The workpiece 31 defines a plane 47 (
The method optionally further comprises providing the workpiece 31 with a third material 49 (such as AlTiC), and the chemical removal step comprises adding a nonabrasive substance 51 to the nonabrasive solution 45 for selectively chemically mechanical removing a portion of the third material 49 from the workpiece 31. The method also optionally comprises providing the nonabrasive solution 45 with desired properties (block 65) selected for viscosity, suspension, surfactant, and chemical interaction with the workpiece, including oxidizer, corrosion inhibitor, pH, complex chelating agent, and a selected conductivity that avoids corrosion of the workpiece 31 and reduces electrostatic discharge.
The nonabrasive solution 45 may include a water-soluble hydrocarbon chain of a hydroxyl (OH) group ethylene glycol solution, and may further comprise colloidal silica solution of having an average size of approximately 10 nm. Furthermore, the pH of the nonabrasive solution may be adjusted with organic additives, and the viscosity of the nonabrasive solution may be altered (e.g., increased) by partially replacing ethylene glycol with diethylene glycol, triethylene glycol, or propylene glycol and dipropylene glycol. The method may further comprise adding a corrosion inhibitor, such as BTA, Triton, Standapol, or Texapon, for example.
The slider abrasive finishing process critically affects the magnetic, electrical, and mechanical performance of the recording heads. Therefore, ultraprecision abrasive finishing is a key technology for final finishing of the thin film magnetic recording heads. The reactive solution plays an important role in chemical-mechanical nanogrinding. The chemistry of the reactive solution can facilitate selective removal of the ceramic layers, such as AlTiC and Al2O3 to metal, e.g., NiFe, and hence compensate for the preferential mechanical removal of the softer metal over the harder ceramic.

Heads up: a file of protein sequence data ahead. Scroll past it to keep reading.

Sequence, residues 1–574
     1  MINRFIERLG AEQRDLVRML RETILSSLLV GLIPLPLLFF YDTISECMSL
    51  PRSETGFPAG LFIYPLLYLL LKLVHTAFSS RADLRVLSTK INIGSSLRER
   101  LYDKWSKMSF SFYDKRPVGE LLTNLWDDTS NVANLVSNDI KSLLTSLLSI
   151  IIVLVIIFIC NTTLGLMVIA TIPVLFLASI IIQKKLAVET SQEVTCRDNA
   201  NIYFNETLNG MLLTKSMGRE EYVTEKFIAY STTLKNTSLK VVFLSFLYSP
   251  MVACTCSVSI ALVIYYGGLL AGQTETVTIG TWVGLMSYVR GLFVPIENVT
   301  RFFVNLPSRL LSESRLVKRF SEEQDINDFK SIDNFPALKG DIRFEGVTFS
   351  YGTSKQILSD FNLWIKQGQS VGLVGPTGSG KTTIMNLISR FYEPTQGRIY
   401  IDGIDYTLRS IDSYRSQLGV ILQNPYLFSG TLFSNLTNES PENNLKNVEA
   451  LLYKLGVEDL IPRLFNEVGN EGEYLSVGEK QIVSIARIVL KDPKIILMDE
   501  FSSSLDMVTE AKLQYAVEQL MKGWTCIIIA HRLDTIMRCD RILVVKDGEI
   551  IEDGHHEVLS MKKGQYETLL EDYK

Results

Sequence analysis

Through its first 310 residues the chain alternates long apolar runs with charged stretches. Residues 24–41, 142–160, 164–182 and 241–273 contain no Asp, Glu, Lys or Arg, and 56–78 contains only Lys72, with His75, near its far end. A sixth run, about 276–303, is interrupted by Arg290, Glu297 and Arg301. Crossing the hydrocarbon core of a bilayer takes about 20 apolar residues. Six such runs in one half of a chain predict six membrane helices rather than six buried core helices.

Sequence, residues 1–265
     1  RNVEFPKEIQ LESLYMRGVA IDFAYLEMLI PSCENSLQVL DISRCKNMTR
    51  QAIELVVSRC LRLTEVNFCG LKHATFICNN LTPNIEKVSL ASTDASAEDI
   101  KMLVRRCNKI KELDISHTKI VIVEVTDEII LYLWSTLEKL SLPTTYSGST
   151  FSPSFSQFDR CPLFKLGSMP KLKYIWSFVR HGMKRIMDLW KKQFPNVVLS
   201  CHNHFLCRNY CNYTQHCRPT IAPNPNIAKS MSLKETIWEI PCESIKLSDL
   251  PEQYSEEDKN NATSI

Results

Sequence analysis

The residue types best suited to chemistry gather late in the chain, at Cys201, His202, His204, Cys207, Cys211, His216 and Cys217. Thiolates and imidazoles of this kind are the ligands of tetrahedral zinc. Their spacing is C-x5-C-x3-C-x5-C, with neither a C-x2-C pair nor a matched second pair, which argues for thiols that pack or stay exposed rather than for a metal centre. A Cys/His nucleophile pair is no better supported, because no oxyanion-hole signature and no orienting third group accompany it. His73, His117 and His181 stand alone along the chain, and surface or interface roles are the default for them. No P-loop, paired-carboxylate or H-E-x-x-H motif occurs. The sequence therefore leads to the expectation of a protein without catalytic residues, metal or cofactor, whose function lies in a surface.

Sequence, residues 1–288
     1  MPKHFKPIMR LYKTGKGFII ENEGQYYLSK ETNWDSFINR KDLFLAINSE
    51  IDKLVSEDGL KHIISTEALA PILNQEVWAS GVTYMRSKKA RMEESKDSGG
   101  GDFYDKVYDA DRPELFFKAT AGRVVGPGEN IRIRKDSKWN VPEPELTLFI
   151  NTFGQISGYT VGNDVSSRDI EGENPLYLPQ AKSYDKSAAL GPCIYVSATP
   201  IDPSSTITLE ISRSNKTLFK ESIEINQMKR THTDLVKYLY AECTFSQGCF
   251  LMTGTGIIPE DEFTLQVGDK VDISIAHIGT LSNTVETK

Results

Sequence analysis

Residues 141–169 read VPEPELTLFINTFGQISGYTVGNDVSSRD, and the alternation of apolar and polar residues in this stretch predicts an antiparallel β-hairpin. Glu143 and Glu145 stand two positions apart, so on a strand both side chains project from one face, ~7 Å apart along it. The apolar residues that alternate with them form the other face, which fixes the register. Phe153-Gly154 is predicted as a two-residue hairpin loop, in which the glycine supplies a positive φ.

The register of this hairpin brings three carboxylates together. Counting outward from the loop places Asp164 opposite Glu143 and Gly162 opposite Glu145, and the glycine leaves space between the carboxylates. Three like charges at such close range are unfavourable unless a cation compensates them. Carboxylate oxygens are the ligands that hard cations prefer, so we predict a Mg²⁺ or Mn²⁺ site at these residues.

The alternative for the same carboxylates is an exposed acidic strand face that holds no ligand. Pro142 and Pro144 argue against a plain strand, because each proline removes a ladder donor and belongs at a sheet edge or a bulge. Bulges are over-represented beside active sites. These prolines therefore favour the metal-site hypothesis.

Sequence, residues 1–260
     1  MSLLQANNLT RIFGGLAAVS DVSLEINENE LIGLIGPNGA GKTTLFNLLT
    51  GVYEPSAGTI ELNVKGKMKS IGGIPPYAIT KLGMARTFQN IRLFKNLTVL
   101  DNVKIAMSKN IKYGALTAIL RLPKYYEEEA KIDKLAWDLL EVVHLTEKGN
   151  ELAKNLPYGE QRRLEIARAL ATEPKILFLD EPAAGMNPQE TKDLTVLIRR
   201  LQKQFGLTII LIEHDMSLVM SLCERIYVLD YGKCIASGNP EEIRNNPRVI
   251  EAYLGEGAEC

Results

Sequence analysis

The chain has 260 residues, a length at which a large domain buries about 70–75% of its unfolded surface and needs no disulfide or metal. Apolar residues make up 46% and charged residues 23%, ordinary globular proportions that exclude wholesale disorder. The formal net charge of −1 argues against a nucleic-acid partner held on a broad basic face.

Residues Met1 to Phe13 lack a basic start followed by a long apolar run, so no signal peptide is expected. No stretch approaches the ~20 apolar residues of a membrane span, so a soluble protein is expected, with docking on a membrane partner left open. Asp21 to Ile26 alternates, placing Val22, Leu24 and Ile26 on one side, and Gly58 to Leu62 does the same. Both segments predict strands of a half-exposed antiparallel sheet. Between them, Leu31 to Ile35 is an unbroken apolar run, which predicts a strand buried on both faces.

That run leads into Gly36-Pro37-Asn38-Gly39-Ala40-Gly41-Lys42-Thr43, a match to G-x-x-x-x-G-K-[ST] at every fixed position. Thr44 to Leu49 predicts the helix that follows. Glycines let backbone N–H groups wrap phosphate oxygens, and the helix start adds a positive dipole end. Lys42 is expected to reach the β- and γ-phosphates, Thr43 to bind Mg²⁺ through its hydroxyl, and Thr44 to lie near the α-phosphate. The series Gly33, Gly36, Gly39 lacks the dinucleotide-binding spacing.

The specific choice of the solution (viscosity, suspension, surfactant) and its chemical interaction (oxidizer, corrosion inhibitor, pH, and complex chelating agent) with the workpiece or work material are critical in achieving good surface and subsurface integrity, machining accuracy (less PTR), high material removal, final cleaning (rinseability), and abrasive and plate life. Proper conductivity of the reactive solution is also required, e.g., low conductivity to avoid GMR/TMR stack corrosion but some conductivity to eliminate ESD damage issue during lapping and nanogrinding.
The pH of reactive solutions for chemical-mechanical nanogrinding may be adjusted by organic additives. PTR generally decreases with increasing pH and is smallest around pH 10. However, if the pH level becomes too high (e.g., pH 11), it may contribute to sensor corrosion, especially for copper layer in sensors.